The rest of the set flies by. He does some Eskimo Snow stuff, and the crowd reaction is noticeably more muted, but for the most part he sticks to the Alopecia hits – no Crushed Bones or Rubber Traits, but plenty of other great songs and of course the opportunity to actually look at a man while he tells you about getting stuck into his therapist or failing to mate or taking loads of cocaine or having syphilis or weaving anger into a gadzai to bring to an alma mater’s holiday fundraiser boutique thing.

He also did the Do The Right Thing dance. Which was a highlight.

There are more highlights. The organiser/outdoor MC/shouter of the word Brooklyn emerges after Why? and thanks the corporate sponsors or whoever else needs to be thanked. Then he says this:

“People always ask me why the Senior State Senator of New York State cares so much about keeping these events at the Waterfront. You know what I tell them? It’s because the Senior State Senator of New York State is FUCKING AWESOME!”

Uh oh… they’re not going to…

And there he is, the Senior State Senator of New York State, a cleanly, white-haired Jewish-looking man in his 70s, standing on the stage about to give a speech. Bad taste in the mouth already. But wait, a challenger appears. A long-haired guy of about 25, two rows from the front:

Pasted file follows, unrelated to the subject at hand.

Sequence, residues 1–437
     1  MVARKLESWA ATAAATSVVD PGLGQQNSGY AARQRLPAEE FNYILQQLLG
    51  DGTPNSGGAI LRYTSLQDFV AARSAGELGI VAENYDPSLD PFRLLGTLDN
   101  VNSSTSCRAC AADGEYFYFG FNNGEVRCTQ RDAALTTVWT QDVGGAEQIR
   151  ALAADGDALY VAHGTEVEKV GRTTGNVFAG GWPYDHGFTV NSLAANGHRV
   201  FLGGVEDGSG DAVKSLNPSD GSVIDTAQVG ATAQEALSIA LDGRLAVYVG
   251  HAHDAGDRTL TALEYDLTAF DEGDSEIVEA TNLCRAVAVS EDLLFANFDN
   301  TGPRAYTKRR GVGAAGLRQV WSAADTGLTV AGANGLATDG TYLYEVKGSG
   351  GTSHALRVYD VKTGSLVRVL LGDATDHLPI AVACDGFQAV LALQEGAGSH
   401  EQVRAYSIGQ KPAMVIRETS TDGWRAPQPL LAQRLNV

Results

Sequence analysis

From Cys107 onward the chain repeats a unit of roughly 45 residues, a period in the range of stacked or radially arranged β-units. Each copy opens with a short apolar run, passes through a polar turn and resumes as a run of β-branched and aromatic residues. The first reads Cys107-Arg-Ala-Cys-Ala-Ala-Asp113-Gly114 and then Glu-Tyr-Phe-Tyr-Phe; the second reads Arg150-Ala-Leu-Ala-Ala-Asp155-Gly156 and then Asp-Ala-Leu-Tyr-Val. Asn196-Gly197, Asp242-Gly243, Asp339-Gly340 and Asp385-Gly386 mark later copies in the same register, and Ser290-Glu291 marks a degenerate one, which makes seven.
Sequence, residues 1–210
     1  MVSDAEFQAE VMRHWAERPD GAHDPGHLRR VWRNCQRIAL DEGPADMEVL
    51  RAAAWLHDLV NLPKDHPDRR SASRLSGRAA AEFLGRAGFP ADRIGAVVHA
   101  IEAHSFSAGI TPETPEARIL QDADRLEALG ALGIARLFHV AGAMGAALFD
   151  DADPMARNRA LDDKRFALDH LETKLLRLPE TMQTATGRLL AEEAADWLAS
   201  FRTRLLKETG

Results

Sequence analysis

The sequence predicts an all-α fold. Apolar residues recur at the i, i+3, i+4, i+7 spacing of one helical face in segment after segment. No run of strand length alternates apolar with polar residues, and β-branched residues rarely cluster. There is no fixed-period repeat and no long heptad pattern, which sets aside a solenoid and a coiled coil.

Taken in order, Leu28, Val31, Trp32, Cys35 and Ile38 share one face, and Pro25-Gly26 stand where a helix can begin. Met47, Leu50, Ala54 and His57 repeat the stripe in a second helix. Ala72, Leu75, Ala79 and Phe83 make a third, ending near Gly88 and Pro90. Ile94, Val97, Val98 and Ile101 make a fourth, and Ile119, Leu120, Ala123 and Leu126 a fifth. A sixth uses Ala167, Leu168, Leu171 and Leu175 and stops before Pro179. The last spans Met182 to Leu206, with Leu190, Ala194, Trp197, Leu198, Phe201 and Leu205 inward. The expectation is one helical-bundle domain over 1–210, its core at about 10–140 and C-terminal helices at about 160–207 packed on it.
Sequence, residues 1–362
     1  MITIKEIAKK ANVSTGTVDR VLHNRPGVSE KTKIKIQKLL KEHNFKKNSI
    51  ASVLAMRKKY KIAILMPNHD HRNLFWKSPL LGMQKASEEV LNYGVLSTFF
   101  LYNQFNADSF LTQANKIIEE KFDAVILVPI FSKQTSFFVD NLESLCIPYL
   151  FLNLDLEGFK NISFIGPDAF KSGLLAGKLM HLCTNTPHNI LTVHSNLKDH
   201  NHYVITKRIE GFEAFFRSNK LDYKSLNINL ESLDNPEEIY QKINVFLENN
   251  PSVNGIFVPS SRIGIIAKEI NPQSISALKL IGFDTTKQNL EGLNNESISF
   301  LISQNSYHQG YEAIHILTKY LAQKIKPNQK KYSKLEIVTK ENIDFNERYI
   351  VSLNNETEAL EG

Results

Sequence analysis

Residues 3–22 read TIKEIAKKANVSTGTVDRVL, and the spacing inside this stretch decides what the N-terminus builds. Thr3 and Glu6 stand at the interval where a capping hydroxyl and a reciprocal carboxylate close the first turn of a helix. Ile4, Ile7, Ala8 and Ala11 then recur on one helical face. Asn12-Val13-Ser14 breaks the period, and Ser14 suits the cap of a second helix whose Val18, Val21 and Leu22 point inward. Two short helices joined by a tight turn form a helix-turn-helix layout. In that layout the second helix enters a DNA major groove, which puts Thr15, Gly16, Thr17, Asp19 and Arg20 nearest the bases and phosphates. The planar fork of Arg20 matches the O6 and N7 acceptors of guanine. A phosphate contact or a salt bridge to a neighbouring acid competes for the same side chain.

The Senator tries to speak.

Senator’s confused. But he’s a Senator, and the two ways to become an elected representative are being smart and knowing how to manipulate large amounts of people. So he pulls it back.


Crowd cheers. Guess what he shouts next. Guess.


Yeah, he shouted Brooklyn. It always works.


It is pretty good actually. Free gig, great bands, Waterfront.


Um… if you insist, elected political representative who is clearly on the stage to remind people that he is their buddy and they should vote for him…


He exits. Bizarre, bizarre stuff. Point 1: get off the stage, state senator. This is a rock show. It doesn’t even fit. Point 2: even if you want Palestine freed, maybe shout it twice or hold up a flag and refuse to cheer even when the senator shouts the word Brooklyn, but it gets a little awkward if you’re shouting over him. Luckily, Greg Saunier shows up and starts setting up his drums.

So, Deerhoof and Xiu Xiu combining their significant forces to cover Unknown Pleasures by Joy Division. We know they’re friends. Greg Saunier, Deerhoof’s drummer and primary compositional genius, produced The Air Force by Xiu Xiu, and they’re both based in San Francisco. But putting them together was the best drunken idea anyone ever had. Line-up as follows:

Greg Saunier (Deerhoof) – drums
Satomi Matsuzaki (Deerhoof) – noise guitar (normally bassist/vocalist)
Ed Rodriguez (Deerhoof) – bass (normally guitarist)
John Dieterich (Deerhoof) – lead guitar
Angela Seo (Xiu Xiu) – synth, breaking glass (seriously)